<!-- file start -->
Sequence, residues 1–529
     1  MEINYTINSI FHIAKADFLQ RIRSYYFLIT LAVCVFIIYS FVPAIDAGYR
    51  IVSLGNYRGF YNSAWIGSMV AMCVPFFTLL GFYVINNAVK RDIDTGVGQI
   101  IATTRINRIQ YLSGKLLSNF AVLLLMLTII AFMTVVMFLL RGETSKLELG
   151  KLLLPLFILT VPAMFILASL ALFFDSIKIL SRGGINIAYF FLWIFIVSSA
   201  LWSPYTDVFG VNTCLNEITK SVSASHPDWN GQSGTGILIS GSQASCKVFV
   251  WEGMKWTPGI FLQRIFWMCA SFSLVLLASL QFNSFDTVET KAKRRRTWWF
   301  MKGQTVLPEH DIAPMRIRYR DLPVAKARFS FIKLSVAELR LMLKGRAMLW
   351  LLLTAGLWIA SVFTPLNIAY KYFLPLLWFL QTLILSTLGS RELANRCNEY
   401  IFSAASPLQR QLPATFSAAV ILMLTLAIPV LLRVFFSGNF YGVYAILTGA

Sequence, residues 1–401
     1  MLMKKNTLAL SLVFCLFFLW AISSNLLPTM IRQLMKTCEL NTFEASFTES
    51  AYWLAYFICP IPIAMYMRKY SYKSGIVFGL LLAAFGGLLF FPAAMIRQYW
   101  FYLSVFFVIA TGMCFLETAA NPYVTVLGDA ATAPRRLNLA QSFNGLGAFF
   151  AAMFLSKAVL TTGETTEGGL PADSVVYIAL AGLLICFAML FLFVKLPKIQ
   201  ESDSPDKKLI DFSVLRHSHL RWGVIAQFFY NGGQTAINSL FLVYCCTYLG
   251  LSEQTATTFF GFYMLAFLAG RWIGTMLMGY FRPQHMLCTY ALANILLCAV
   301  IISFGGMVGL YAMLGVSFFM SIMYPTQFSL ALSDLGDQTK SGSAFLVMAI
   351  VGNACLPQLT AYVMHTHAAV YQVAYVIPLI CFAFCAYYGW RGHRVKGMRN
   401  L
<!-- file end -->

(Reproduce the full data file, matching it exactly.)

Sequence, residues 1–529
     1  MEINYTINSI FHIAKADFLQ RIRSYYFLIT LAVCVFIIYS FVPAIDAGYR
    51  IVSLGNYRGF YNSAWIGSMV AMCVPFFTLL GFYVINNAVK RDIDTGVGQI
   101  IATTRINRIQ YLSGKLLSNF AVLLLMLTII AFMTVVMFLL RGETSKLELG
   151  KLLLPLFILT VPAMFILASL ALFFDSIKIL SRGGINIAYF FLWIFIVSSA
   201  LWSPYTDVFG VNTCLNEITK SVSASHPDWN GQSGTGILIS GSQASCKVFV
   251  WEGMKWTPGI FLQRIFWMCA SFSLVLLASL QFNSFDTVET KAKRRRTWWF
   301  MKGQTVLPEH DIAPMRIRYR DLPVAKARFS FIKLSVAELR LMLKGRAMLW
   351  LLLTAGLWIA SVFTPLNIAY KYFLPLLWFL QTLILSTLGS RELANRCNEY
   401  IFSAASPLQR QLPATFSAAV ILMLTLAIPV LLRVFFSGNF YGVYAILTGA

Sequence, residues 1–401
     1  MLMKKNTLAL SLVFCLFFLW AISSNLLPTM IRQLMKTCEL NTFEASFTES
    51  AYWLAYFICP IPIAMYMRKY SYKSGIVFGL LLAAFGGLLF FPAAMIRQYW
   101  FYLSVFFVIA TGMCFLETAA NPYVTVLGDA ATAPRRLNLA QSFNGLGAFF
   151  AAMFLSKAVL TTGETTEGGL PADSVVYIAL AGLLICFAML FLFVKLPKIQ
   201  ESDSPDKKLI DFSVLRHSHL RWGVIAQFFY NGGQTAINSL FLVYCCTYLG
   251  LSEQTATTFF GFYMLAFLAG RWIGTMLMGY FRPQHMLCTY ALANILLCAV
   301  IISFGGMVGL YAMLGVSFFM SIMYPTQFSL ALSDLGDQTK SGSAFLVMAI
   351  VGNACLPQLT AYVMHTHAAV YQVAYVIPLI CFAFCAYYGW RGHRVKGMRN
   401  L